Wednesday, December 20, 2006

This Just In

A couple of news stories on the Today Show caught my ear this morning while I was getting ready for work. The first one I found to be incredibly timely since just yesterday I posted about my use (some might say misuse) of Advil when I run. Apparently ibuprofen (Advil), as well as other common painkillers, like acetaminophen (Excedrin and Tylenol), and aspirin, can cause serious problems, including liver damage, gastrointestinal bleeding, kidney injury, and even death (which in my book is a serious problem) when taken regularly. Here’s a link to the entire article:

http://www.nbc5.com/health/10568058/detail.html

The other news item I heard on the Today Show, I only found in video form and I don’t have the correct version of Flash on my computer, so I’m just going to paraphrase. The story was about nicotine being used to help people quit smoking (like the “patch” or the “gum) and whether or not it’s safe since nicotine is more addictive than heroin. Well, I wasn’t really listening until I heard the anchor ask the reporter about whether or not smoking was on the rise again. Or something. I can’t quite remember. Whatever it was it caught my attention because I have been asking this question for months: When did everyone start smoking again? You see in Chicago you can still smoke in the bars. When I still smoked about a year and a half ago, I would go out to the bars and attempt to bum cigarettes… it was nearly impossible. This was nearing the end of my ten-year relationship with Marlboro and smoking had become socially unacceptable. That’s how it felt anyway. Nobody smoked. Except for me… because I was addicted.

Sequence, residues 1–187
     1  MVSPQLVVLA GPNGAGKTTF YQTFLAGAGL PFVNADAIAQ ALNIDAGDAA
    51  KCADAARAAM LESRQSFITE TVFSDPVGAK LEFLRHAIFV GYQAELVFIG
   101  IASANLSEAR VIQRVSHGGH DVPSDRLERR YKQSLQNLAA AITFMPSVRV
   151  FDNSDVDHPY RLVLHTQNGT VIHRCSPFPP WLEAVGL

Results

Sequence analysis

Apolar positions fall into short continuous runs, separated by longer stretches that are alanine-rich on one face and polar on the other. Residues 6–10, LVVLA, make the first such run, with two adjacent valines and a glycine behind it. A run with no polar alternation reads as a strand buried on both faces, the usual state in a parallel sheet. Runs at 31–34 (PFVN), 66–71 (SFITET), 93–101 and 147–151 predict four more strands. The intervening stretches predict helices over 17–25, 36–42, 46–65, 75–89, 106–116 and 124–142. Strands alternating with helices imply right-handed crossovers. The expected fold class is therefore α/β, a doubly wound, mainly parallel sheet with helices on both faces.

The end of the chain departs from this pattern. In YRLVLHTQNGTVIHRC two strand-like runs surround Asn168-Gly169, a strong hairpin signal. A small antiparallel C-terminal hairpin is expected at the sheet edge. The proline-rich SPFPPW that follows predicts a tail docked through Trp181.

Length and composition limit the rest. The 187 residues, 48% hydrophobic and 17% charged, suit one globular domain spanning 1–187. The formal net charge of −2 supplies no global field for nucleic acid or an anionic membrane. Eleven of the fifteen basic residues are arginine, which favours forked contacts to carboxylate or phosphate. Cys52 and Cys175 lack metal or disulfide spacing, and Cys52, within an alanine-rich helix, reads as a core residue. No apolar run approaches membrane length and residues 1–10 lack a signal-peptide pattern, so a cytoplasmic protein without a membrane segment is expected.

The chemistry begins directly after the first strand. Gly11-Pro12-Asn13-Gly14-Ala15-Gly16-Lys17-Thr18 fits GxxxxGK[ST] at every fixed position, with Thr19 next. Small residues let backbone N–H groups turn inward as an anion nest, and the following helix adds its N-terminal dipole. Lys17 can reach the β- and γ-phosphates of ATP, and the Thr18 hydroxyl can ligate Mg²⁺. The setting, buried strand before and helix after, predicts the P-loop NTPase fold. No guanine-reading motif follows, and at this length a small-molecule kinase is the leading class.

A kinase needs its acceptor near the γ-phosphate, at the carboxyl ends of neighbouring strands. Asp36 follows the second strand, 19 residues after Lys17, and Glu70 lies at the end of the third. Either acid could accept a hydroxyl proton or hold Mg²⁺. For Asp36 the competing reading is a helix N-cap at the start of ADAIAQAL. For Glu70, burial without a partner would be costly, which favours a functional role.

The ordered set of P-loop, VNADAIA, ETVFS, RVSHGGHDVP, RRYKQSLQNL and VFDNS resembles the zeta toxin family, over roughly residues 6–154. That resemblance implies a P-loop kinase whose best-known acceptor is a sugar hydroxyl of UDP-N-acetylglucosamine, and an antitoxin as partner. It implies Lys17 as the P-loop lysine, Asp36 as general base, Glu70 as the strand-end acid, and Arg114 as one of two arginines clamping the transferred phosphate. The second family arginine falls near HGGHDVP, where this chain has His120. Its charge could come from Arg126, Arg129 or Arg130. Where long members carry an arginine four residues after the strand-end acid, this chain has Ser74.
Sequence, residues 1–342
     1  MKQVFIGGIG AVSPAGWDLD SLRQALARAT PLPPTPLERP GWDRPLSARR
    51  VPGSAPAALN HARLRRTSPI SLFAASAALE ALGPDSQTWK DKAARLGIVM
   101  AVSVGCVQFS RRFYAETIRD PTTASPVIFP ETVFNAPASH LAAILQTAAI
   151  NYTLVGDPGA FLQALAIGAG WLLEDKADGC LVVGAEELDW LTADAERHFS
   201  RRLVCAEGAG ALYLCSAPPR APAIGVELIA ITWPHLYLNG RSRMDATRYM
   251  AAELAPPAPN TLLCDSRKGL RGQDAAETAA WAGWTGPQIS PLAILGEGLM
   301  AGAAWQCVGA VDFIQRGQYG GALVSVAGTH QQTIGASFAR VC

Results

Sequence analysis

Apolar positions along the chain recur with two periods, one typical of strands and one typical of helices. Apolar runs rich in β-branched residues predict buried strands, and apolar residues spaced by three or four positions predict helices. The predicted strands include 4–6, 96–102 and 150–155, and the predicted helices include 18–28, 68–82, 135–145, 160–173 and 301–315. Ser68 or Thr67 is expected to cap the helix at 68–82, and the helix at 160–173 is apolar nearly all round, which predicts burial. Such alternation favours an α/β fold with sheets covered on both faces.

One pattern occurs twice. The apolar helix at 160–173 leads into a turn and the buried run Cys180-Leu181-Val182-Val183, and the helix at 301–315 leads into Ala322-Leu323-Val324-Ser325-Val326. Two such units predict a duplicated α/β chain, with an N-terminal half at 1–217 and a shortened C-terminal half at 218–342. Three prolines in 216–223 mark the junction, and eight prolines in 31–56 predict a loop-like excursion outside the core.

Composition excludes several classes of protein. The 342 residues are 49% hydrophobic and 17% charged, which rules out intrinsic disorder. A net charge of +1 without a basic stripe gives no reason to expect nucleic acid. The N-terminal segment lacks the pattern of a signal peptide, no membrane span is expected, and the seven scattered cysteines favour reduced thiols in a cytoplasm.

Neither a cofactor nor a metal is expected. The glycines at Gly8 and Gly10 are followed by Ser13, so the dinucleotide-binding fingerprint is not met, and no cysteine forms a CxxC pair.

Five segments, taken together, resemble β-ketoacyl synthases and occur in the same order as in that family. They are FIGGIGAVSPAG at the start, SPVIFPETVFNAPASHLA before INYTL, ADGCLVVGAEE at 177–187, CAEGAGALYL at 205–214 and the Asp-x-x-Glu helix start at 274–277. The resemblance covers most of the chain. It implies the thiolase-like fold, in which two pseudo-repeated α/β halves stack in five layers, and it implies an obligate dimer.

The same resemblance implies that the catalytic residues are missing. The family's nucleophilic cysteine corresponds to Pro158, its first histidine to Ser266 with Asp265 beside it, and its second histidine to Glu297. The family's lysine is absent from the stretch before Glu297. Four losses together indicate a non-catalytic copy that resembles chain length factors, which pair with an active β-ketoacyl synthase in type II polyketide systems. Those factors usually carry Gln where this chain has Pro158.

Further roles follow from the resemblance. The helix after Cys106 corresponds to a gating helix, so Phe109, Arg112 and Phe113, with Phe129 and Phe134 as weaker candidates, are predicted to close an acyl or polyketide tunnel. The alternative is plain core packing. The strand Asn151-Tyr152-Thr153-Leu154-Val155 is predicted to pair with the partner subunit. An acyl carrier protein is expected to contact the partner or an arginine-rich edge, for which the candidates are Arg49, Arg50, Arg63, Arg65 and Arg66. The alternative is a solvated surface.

Fast-forward to now. And maybe it’s because I’m frequenting different bars in a different neighborhood, but it seems like suddenly everyone is smoking again. Except me… because I have been brainwashed. Well, on Today Show this morning my question was finally answered. Yes, smoking is on the rise again. Smoking sharply decreased through the nineties into the early part of the millennium, leveled off, but began rising again the last few years.

Look at me with my finger on the pulse of the nation…

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